The slaw dog stands in stark contrast to West Virginia’s other regional specialty: the pepperoni roll. A humble food of Italian origin, it was invented by immigrant Italian coal miners who needed a hearty snack that was both portable and easy to eat. D’Annunzio’s, a landmark bakery in Clarksburg, has been making it for decades. The preparation couldn’t be simpler: pepperoni cut into sticks about four inches long and baked into a soft, sweet roll. Nothing else: just dough and pepperoni baked together.

I arrive at D’Annunzio’s at 8:00 a.m., when the rolls are just coming out of the oven. I stand in a line of polite locals, many of whom are buying the rolls by the dozen. I take a bite of mine. The dough is soft and forgiving, the pepperoni lukewarm. All I taste is powdered paprika, dry and unbalanced. It takes a few chews to loosen the fat from the sausage and for flavors to develop in my mouth, but even then, it is bland and monotonous. I am underwhelmed, to say the least.

Ronni tells me that the pepperoni roll is the food of the working class. It is about making connections. When your entire day is spent deep in a coal mine, that little bit of pepperoni may be all that connects you to the sanity of family and your identity and life aboveground.

I buy a dozen rolls and decide to carry them with me for the next few days.

Clarksburg, once a thriving city, is now grappling with a rise in poverty and a decline in population. The downtown is nearly empty. As we drive through the outskirts of town, near the factories, we see abandoned houses in foreclosure and trailer homes in varying states of decline. The only bright lights come from the legal gambling stores, called hot spots. Some are also bars, but mostly they are small spaces, dimly lit and sparsely furnished, with about five or six video slot machines lined up against a wall. The patrons in the hot spots are old. They smoke while spinning the slots, beers snugly protected in plastic cup holders attached to their seats. At one of these places, I meet Alba, the manager. She tells me she is Italian in a West Virginia drawl so thick I can taste the molasses. I order a root beer, and she teaches me how to play Keno. She tells me that most of the people who used to live here have moved to Bridgeport. She tells me to go to Minard’s for a good Italian meal. You can get fried chicken and spaghetti there.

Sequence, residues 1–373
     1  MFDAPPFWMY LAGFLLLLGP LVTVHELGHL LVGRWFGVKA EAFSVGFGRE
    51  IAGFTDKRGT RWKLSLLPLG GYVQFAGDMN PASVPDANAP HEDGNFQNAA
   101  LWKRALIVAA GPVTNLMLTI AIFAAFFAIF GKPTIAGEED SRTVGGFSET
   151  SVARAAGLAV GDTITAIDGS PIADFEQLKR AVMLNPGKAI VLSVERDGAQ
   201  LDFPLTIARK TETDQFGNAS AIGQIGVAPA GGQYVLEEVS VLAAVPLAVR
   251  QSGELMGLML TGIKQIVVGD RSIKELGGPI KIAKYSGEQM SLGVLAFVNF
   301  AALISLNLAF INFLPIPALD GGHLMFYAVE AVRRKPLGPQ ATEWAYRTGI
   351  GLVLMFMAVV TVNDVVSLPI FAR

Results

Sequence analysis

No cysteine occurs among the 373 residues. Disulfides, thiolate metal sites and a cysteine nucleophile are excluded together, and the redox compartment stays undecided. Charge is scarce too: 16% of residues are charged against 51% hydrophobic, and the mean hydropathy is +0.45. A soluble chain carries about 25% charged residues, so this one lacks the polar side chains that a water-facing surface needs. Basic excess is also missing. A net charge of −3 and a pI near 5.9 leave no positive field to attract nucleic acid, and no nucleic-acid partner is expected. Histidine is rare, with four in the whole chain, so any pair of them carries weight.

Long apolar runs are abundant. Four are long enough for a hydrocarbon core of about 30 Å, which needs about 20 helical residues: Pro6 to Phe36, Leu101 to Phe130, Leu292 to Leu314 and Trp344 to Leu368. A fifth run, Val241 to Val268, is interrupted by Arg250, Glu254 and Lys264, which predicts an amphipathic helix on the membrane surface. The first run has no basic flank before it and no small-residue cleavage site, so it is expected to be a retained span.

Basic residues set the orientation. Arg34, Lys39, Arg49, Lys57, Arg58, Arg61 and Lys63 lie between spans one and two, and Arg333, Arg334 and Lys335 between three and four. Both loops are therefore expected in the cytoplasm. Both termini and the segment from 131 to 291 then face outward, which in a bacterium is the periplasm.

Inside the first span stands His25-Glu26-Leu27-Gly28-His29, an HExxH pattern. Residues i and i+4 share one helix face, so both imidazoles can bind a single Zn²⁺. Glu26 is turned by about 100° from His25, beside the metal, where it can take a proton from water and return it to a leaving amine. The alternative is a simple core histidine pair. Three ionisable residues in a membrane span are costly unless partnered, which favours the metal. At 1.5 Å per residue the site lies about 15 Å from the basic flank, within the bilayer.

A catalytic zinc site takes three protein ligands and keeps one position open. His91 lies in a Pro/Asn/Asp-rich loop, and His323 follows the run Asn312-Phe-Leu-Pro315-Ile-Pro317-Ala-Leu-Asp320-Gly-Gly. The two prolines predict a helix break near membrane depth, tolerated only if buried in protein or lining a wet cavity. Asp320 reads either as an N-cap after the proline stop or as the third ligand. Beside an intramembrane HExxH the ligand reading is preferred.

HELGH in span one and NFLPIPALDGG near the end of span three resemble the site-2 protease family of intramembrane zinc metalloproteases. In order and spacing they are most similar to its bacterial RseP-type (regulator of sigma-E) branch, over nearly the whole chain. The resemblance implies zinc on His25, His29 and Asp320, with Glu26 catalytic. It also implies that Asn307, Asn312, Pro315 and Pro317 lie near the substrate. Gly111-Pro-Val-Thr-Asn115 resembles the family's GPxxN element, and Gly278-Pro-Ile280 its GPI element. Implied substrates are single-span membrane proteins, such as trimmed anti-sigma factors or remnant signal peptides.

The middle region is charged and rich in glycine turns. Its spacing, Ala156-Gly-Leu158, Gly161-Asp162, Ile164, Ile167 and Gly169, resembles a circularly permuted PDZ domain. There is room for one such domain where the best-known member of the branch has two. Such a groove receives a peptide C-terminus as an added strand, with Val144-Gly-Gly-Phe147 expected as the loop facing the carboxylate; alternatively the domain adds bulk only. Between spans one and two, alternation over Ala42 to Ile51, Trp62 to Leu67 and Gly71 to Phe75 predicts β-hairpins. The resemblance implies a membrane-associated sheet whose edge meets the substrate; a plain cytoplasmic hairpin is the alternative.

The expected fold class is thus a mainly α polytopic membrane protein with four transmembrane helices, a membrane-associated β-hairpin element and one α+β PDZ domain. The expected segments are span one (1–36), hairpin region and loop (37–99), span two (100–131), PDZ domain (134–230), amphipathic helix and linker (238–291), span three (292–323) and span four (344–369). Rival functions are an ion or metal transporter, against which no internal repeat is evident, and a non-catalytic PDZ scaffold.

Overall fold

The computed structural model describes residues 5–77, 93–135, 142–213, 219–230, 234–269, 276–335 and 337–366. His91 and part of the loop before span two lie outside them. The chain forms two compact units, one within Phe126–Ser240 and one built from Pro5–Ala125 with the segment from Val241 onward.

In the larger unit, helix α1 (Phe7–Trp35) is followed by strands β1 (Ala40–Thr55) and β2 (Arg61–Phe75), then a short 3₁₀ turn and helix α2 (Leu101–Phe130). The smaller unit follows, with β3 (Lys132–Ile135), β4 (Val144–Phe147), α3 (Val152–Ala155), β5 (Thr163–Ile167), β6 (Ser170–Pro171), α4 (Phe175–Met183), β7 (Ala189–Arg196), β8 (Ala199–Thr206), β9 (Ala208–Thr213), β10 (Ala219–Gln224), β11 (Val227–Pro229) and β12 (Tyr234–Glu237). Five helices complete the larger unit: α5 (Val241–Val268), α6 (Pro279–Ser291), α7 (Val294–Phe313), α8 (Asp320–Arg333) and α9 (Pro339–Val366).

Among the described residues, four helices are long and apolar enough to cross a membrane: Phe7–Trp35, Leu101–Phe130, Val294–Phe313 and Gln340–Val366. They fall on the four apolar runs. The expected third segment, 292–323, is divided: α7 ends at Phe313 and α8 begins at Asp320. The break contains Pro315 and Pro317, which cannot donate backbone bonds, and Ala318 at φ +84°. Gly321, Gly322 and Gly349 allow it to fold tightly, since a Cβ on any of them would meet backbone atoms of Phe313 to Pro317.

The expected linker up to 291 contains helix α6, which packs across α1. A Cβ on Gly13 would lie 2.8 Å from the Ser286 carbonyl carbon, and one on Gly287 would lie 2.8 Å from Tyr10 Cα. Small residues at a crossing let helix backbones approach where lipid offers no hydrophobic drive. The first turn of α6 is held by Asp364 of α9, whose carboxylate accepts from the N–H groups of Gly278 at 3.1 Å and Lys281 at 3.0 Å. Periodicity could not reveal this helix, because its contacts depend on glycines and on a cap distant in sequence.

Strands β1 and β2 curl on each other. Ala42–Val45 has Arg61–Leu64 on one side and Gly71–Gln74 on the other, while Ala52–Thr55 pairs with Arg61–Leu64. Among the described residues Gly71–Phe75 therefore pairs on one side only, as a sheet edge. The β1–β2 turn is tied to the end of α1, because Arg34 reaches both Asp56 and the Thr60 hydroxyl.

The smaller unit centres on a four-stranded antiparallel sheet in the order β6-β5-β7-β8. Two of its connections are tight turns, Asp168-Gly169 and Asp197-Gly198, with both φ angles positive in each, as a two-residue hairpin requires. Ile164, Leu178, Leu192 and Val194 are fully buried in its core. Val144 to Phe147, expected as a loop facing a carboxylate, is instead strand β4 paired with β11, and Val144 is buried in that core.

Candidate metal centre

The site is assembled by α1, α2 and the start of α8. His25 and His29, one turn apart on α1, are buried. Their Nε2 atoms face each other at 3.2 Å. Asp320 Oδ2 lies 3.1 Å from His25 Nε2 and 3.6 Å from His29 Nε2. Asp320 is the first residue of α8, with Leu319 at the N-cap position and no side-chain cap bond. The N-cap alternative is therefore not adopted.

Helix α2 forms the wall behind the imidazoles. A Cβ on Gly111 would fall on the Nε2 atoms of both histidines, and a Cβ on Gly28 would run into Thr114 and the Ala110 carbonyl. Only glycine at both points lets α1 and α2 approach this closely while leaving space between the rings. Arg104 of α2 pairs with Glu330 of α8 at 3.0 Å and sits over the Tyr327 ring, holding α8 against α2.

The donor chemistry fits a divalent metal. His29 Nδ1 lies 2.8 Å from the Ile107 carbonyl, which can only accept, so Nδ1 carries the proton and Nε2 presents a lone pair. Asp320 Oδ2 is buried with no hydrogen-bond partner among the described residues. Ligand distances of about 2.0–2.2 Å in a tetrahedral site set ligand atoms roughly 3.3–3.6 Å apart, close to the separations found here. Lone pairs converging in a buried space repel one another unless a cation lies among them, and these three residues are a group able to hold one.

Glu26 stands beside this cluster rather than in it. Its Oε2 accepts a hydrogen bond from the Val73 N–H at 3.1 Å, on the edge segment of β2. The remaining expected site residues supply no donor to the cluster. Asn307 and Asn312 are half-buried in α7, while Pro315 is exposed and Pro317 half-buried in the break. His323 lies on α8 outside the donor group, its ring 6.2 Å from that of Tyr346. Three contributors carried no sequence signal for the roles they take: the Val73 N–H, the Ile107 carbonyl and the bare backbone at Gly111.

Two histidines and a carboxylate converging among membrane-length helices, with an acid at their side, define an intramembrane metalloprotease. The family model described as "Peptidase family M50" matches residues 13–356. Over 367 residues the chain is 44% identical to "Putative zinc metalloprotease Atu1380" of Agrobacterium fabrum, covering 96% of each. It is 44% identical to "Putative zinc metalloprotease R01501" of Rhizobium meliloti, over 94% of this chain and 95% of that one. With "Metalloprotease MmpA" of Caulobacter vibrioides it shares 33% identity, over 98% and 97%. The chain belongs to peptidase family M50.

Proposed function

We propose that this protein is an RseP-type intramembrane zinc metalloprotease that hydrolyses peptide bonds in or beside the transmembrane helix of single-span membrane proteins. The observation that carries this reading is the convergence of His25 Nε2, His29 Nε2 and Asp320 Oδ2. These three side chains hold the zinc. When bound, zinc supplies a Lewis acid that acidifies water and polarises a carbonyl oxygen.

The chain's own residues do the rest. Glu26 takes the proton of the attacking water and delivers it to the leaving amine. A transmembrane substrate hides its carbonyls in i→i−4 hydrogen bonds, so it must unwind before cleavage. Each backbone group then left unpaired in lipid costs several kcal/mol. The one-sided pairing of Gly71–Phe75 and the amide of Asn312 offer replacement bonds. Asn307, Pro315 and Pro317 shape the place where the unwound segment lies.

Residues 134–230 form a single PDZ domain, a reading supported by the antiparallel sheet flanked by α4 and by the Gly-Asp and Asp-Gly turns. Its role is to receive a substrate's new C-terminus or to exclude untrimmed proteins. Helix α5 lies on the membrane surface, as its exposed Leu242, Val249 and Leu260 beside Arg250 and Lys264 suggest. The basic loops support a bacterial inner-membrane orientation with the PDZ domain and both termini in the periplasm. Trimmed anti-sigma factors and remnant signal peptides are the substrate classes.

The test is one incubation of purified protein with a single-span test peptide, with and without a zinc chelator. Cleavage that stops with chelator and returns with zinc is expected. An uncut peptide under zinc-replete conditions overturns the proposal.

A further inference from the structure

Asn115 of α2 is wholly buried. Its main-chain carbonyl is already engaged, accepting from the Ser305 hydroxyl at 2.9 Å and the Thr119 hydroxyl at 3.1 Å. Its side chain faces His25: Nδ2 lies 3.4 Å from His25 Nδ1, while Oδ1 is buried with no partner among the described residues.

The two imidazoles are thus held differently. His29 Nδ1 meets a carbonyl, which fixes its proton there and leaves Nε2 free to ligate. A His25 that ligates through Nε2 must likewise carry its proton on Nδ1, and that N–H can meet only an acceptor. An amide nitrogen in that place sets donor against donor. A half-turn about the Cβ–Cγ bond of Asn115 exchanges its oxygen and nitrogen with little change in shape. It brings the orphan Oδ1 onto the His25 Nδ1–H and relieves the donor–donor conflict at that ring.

Alba’s family came generations ago, to work in the factories, and never left. There are a lot of Italians here, she tells me. I tell her I think it’s funny that, after so many generations, she would still call herself Italian and not West Virginian. Well, she says, we’re all rednecks first.

I give her a pepperoni roll, and she thanks me. D’Annunzio’s is the best, she confirms. Then the door buzzer rings, and she lets in an older lady who is alone. They know each other. Alba tells me she has to go make some money and leaves me alone to my gambling.

The old lady isn’t interested in talking to me, just playing the slots. She takes a seat at the machine farthest from me. The reflection of the spinning slots bounces off the glasses on her shriveled face. She looks like she might be of Italian heritage as well. Alba whispers to me that the old woman doesn’t socialize much but that she used to bake pepperoni rolls and they were the best. She’d sell them from her home, but she is too old to do it anymore. I watch this old lady’s hands as she works the touch-screen slots, and I see they are still nimble. I want to learn from her hands, not how to win at slots but how to work the dough for a pepperoni roll.

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Alice
Great book, nicely written and thank you BooksVooks for uploading